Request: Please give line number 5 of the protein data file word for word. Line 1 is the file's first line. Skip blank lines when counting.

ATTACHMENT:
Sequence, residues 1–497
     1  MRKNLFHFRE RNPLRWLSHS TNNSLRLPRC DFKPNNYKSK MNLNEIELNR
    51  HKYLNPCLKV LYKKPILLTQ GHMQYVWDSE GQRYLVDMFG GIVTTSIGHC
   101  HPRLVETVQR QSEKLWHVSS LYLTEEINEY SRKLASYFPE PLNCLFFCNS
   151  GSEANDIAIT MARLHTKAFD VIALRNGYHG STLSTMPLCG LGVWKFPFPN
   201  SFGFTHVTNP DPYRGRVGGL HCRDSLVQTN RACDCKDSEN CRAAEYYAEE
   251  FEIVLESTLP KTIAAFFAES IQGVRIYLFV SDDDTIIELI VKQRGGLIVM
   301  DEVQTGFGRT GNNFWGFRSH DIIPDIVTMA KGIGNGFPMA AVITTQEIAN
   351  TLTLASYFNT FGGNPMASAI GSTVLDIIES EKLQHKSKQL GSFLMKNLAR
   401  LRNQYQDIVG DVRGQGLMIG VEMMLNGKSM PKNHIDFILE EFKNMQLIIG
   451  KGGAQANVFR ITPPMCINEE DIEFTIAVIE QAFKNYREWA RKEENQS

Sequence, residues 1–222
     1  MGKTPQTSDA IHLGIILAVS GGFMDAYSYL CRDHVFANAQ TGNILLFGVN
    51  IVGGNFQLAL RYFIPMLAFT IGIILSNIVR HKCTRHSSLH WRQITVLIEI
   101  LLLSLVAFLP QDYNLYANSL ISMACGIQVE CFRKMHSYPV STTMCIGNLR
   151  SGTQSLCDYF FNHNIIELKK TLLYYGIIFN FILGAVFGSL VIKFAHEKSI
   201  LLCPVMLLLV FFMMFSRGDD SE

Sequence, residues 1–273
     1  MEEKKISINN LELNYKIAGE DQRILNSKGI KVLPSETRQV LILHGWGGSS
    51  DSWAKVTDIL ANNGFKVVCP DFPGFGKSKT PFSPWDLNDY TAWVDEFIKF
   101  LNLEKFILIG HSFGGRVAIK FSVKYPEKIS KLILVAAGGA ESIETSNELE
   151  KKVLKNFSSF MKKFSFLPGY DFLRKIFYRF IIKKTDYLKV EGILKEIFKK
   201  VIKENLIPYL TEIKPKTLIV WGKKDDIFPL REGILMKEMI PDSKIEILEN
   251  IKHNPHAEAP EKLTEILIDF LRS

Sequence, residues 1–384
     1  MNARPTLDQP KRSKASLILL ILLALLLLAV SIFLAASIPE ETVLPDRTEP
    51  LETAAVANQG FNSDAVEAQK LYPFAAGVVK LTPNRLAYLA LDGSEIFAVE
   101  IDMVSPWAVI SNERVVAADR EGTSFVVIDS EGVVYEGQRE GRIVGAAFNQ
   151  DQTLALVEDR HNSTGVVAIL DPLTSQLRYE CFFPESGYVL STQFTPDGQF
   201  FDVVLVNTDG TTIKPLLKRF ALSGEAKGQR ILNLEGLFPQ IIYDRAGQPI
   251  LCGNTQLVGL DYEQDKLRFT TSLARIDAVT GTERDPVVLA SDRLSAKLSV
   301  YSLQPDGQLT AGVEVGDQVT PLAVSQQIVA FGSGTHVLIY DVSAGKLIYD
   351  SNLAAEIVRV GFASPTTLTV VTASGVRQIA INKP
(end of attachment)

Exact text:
   151  GSEANDIAIT MARLHTKAFD VIALRNGYHG STLSTMPLCG LGVWKFPFPN